A FIFA report into match-fixing in the weeks before the 2010 World Cup has found "compelling evidence" that one or more exhibition games involving host South Africa were fixed ahead.
The South African Football Association conceded Saturday that it had been "infiltrated" two years ago by now-convicted match-fixer Wilson Perumal and his "bogus" company Football4U, which was a front for Asian betting syndicates.
No players have been implicated in fixing matches. Referees appointed by Perumal's Football4U were thought to have manipulated one or more of South Africa's exhibitions for betting markets. Perumal could have been aided by some South African officials, the SAFA said.
"The full extent of the web of international crime is now exposed," SAFA chief executive Robin Petersen said after South Africa received the report from FIFA.
The SAFA didn't immediately identify the games but South Africa's 5-0 win over Guatemala and 2-1 win over Colombia in late May 2010 — two weeks before the World Cup kicked off — were under suspicion.
Three penalties for hand balls were awarded by Niger referee Ibrahim Chaibou in the South Africa-Guatemala game on May 31, with two of them clearly incorrect. Chaibou also is being sought for questioning by FIFA for his handling of other suspicious games in Africa, Asia and South America, where a high number of penalties were awarded, apparently to feed betting scams.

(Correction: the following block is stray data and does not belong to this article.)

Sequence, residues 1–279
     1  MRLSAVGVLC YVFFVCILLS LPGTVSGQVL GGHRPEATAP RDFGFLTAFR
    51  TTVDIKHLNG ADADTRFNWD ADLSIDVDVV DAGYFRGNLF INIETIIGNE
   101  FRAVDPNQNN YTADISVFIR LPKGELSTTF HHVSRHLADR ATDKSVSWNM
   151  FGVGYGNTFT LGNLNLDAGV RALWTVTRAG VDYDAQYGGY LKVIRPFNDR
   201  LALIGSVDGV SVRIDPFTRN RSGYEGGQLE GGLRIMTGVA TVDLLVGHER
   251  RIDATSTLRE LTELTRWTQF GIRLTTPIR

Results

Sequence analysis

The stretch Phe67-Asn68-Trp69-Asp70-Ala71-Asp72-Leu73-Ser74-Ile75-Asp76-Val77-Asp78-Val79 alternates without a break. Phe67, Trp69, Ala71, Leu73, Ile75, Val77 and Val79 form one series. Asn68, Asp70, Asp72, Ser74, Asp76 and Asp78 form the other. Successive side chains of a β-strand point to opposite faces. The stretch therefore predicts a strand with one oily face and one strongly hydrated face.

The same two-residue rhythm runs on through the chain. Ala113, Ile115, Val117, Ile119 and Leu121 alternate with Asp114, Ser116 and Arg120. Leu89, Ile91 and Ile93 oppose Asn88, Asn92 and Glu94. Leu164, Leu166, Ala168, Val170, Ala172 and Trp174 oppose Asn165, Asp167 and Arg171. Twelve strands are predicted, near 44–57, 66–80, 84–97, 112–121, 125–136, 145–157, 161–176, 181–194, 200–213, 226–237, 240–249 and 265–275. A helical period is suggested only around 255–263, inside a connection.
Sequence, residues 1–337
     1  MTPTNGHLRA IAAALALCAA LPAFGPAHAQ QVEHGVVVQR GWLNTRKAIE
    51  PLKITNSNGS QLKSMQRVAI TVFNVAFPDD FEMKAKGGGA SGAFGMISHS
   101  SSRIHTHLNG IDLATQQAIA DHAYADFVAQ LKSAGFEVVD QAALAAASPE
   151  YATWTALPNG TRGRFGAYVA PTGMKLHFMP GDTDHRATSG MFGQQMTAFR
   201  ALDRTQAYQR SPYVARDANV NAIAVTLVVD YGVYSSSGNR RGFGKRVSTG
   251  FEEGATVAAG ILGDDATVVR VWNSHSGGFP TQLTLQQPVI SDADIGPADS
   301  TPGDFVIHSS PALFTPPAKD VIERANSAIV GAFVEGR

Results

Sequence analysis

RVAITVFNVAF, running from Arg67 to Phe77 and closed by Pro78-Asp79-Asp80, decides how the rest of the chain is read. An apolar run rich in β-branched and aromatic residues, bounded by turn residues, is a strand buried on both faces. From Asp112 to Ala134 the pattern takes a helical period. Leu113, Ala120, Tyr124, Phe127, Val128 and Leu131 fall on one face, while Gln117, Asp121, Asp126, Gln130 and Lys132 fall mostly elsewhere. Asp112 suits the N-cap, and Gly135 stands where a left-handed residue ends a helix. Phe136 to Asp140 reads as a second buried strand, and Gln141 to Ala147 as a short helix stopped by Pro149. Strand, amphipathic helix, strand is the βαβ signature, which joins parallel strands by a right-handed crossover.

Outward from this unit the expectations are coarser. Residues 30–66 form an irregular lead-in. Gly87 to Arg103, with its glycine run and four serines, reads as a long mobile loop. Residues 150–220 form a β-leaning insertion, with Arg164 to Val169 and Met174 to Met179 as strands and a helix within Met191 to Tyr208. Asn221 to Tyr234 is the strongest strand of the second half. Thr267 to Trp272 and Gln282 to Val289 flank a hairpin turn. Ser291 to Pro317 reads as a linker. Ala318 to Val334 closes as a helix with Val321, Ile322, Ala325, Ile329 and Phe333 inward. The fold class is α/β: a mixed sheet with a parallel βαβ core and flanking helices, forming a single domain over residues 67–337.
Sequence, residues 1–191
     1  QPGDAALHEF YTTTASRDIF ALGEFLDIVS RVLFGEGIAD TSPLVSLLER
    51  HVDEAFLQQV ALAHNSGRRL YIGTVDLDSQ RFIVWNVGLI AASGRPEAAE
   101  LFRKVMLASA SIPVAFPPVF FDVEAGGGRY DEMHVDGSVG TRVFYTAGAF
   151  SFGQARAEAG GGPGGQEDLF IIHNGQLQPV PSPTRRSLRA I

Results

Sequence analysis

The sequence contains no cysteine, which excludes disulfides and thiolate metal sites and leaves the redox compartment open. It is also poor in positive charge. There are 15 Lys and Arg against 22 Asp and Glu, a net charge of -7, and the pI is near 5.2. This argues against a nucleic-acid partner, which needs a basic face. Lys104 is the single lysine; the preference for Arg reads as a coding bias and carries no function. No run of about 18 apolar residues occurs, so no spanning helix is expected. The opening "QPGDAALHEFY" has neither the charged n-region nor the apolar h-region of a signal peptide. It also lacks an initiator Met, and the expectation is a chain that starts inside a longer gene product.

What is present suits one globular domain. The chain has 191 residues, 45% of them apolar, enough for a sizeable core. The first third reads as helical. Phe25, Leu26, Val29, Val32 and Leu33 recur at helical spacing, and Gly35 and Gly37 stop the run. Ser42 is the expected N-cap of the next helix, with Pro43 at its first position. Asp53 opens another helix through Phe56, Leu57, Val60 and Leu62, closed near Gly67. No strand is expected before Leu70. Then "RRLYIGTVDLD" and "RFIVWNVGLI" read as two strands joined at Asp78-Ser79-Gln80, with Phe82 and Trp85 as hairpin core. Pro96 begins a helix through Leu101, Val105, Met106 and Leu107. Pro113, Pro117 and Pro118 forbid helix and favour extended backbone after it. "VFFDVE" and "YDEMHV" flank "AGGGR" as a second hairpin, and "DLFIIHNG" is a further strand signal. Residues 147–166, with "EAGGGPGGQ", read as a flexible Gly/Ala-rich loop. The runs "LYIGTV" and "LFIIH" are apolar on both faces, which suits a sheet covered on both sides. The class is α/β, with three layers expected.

All three goals in the South Africa-Colombia game on May 27, which was refereed by a Kenyan official, came on penalty kicks. That match was the official re-opening Soccer City stadium, which hosted Spain's victory over Netherlands in the World Cup final a little over a month later.
South Africa also beat Thailand 4-0 and drew with Bulgaria 1-1 in games to prepare for the World Cup.
"The FIFA report addresses the question as to whether one or more of the pre-World Cup friendly matches was fixed and finds compelling evidence that this was indeed the case," the SAFA said in a statement Saturday.